Spring is officially here, and with it comes the normal start time of the summer homebuying and selling season. But as we all know, the past two years have been anything but normal. Aside from the pandemic, the real estate market has been “hot” even in the wintertime. And the market doesn’t show any signs of cooling off anytime soon.
Something that helps homeowners get the most from their investment when they’re looking to sell is hosting an Open House. Why hold an Open House? It’s a chance to throw open the doors and dazzle buyers. Whether you’re looking to list now or even later in the year, these tips will help make your Open House a hit.
Let Your Realtor® Take the Lead. Your job is to make your house look like a million bucks. Curb appeal is everything and sprucing up the flower beds with colorful perennial and fresh mulch is a great place to start. Don’t forget about those hardscaped surfaces. A day pressure washing the driveway, sidewalks and patios will really set the stage for your home’s introduction to potential buyers. Lastly, as a seller you should make your home as decluttered and inviting as you can. Remove any large cumbersome furniture that is not being used or items that may make a potential buyer not get a true sense of the space that your home offers. Next is the job of your realtor, an expert on your local real estate market and what makes buyers tick, is to take care of the rest. The Realtor® will take the lead on hosting the Open House, communicating with potential buyers and their agents, and communicating any feedback to you following the Open House.
Try Some Simple Staging. You want your home to look its best while it’s on the market especially during the Open House. Many Realtors say the best way to primp your home for its big day is to stage it. Depending on what your realtor recommends, staging may involve renting new furniture or decor for certain rooms in your home. Consider displaying a bouquet of fresh flowers in the entryway, setting your dining room table to make it look inviting, or turning on your outdoor sprinklers shortly before visitors arrive to make your lawn sparkle.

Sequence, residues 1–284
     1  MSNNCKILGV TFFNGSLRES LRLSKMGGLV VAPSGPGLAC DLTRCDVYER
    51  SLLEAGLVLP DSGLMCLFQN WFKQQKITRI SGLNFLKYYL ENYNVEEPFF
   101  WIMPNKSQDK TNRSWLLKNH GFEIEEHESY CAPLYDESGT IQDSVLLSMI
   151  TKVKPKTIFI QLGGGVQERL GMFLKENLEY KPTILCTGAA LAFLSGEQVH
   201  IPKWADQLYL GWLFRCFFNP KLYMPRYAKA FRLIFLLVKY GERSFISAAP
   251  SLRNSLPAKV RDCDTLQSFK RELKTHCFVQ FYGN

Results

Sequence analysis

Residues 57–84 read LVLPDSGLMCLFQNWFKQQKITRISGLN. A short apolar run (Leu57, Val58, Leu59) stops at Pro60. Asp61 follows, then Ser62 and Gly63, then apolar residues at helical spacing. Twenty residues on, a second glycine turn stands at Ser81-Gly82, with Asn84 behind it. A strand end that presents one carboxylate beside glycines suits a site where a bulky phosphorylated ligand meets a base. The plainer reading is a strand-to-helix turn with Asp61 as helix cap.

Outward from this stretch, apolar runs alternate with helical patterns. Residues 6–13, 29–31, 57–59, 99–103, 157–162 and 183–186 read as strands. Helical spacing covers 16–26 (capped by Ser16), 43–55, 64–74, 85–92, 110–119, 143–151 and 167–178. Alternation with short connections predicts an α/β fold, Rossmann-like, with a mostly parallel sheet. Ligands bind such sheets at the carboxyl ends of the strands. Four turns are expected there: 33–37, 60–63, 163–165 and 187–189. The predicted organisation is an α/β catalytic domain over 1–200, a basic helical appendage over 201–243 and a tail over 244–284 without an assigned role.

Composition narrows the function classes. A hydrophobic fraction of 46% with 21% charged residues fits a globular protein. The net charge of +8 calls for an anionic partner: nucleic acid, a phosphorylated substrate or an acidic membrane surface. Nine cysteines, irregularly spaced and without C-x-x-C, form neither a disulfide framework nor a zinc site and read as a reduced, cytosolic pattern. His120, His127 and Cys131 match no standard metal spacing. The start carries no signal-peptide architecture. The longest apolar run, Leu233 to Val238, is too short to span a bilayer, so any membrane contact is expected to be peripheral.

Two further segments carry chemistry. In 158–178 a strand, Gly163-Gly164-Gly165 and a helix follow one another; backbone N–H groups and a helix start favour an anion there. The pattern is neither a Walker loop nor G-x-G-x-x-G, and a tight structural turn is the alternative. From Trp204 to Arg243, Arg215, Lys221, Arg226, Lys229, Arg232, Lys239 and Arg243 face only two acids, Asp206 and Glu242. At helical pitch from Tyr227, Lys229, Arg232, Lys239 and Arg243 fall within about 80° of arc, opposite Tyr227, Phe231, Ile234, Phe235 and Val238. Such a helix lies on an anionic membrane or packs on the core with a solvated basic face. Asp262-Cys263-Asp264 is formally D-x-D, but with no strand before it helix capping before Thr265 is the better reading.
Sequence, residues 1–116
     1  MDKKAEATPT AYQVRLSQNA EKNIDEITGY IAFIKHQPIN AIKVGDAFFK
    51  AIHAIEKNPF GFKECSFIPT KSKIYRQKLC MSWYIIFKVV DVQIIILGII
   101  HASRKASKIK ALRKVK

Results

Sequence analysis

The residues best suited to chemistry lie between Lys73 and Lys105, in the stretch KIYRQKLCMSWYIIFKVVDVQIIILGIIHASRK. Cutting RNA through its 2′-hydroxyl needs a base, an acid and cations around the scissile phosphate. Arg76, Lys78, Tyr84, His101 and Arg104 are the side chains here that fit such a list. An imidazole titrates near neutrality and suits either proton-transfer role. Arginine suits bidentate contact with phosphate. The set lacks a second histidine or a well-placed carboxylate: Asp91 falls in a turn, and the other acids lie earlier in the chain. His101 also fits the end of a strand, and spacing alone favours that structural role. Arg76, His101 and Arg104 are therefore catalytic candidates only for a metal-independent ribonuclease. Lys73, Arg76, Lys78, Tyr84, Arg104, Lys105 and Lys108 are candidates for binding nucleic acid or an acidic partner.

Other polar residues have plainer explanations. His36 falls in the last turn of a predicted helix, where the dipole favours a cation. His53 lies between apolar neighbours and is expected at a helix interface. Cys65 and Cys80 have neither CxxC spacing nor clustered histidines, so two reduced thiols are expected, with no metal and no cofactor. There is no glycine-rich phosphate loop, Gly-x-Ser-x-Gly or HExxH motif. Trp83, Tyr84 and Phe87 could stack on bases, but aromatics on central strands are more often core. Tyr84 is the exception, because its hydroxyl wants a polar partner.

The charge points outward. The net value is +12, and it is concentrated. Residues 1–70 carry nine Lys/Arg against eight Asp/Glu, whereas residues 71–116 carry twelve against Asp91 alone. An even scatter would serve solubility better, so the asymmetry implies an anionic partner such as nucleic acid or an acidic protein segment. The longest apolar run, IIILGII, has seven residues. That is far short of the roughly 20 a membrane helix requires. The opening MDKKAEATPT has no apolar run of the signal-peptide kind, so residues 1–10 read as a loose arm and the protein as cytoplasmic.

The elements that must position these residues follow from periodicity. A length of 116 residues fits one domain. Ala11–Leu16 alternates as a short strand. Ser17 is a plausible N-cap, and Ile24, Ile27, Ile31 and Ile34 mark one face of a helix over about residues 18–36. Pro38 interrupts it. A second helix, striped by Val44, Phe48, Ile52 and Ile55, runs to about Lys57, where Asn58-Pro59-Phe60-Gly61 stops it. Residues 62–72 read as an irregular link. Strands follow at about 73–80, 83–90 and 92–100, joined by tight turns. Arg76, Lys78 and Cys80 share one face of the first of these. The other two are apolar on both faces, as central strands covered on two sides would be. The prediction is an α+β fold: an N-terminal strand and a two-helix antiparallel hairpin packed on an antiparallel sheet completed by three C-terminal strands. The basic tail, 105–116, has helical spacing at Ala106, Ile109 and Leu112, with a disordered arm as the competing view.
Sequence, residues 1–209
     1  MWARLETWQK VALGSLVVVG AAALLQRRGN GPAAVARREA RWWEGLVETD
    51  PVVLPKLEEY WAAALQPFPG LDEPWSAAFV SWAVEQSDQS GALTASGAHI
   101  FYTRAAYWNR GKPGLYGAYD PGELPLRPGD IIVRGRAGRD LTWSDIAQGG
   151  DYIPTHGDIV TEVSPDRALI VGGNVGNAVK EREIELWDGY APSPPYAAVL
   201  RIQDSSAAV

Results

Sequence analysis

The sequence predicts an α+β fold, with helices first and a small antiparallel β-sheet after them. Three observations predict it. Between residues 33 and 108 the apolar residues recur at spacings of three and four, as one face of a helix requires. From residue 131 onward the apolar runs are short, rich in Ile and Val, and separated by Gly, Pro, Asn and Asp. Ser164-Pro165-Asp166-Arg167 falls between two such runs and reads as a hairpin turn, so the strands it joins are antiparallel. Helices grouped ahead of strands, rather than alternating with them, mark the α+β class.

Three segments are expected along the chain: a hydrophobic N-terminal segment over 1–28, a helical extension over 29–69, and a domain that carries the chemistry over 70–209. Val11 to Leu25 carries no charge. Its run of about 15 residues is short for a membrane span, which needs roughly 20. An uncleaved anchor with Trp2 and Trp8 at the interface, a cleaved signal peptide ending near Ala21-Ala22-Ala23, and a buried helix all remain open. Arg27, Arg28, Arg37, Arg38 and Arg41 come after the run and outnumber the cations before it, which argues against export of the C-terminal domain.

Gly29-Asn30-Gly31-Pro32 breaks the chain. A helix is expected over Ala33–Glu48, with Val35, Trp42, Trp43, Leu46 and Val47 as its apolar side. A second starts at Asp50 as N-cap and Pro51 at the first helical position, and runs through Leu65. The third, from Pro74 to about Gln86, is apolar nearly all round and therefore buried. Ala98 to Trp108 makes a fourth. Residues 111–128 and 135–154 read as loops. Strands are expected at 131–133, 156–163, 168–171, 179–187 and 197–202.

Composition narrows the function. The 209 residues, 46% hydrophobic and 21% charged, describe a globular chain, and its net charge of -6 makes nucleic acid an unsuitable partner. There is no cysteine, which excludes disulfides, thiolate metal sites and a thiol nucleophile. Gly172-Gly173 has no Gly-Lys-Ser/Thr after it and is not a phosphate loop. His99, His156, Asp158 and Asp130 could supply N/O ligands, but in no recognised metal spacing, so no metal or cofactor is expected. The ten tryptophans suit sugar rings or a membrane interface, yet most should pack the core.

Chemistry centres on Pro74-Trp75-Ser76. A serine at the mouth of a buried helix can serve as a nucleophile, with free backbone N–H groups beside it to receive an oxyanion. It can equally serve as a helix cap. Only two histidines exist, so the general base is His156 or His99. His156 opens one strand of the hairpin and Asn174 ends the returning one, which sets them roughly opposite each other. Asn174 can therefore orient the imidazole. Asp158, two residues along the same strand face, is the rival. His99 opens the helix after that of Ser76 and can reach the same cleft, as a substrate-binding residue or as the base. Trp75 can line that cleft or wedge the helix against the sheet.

Clean Like Crazy. When your home is on the market, you need to keep it in showing shape — not only for the Open House, but also for any scheduled showings with buyers. Even though you’ve already (hopefully) cleaned and organized your home for its listing photos, there’s a good chance you’ve let clutter or dust pile up again, especially if you have children or pets.
Make sure appliances, windows, and mirrors are fingerprint-free. Clean and organize your closets, cabinets, and under the sinks (during the Open House, buyers are allowed to be nosy). Clear every bit of clutter and get rid of it or put it in storage.
Don’t have the bandwidth to do a deep clean? Hire a house cleaning service to do the work for you. A professional cleaning service costs around $115 to $230 on average. If you’re not sure about which service to hire, ask your realtor to recommend cleaners.